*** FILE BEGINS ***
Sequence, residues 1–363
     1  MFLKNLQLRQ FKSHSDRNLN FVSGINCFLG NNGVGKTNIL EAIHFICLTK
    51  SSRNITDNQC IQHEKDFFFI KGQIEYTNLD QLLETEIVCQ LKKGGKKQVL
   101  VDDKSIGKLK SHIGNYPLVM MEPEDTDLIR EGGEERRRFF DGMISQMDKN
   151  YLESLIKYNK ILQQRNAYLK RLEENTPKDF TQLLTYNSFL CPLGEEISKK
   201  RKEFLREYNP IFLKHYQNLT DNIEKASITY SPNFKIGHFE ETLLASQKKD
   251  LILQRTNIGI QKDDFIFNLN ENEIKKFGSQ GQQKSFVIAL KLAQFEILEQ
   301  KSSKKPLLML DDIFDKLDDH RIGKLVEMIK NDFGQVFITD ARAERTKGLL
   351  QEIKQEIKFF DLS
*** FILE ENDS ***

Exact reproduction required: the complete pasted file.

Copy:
Sequence, residues 1–363
     1  MFLKNLQLRQ FKSHSDRNLN FVSGINCFLG NNGVGKTNIL EAIHFICLTK
    51  SSRNITDNQC IQHEKDFFFI KGQIEYTNLD QLLETEIVCQ LKKGGKKQVL
   101  VDDKSIGKLK SHIGNYPLVM MEPEDTDLIR EGGEERRRFF DGMISQMDKN
   151  YLESLIKYNK ILQQRNAYLK RLEENTPKDF TQLLTYNSFL CPLGEEISKK
   201  RKEFLREYNP IFLKHYQNLT DNIEKASITY SPNFKIGHFE ETLLASQKKD
   251  LILQRTNIGI QKDDFIFNLN ENEIKKFGSQ GQQKSFVIAL KLAQFEILEQ
   301  KSSKKPLLML DDIFDKLDDH RIGKLVEMIK NDFGQVFITD ARAERTKGLL
   351  QEIKQEIKFF DLS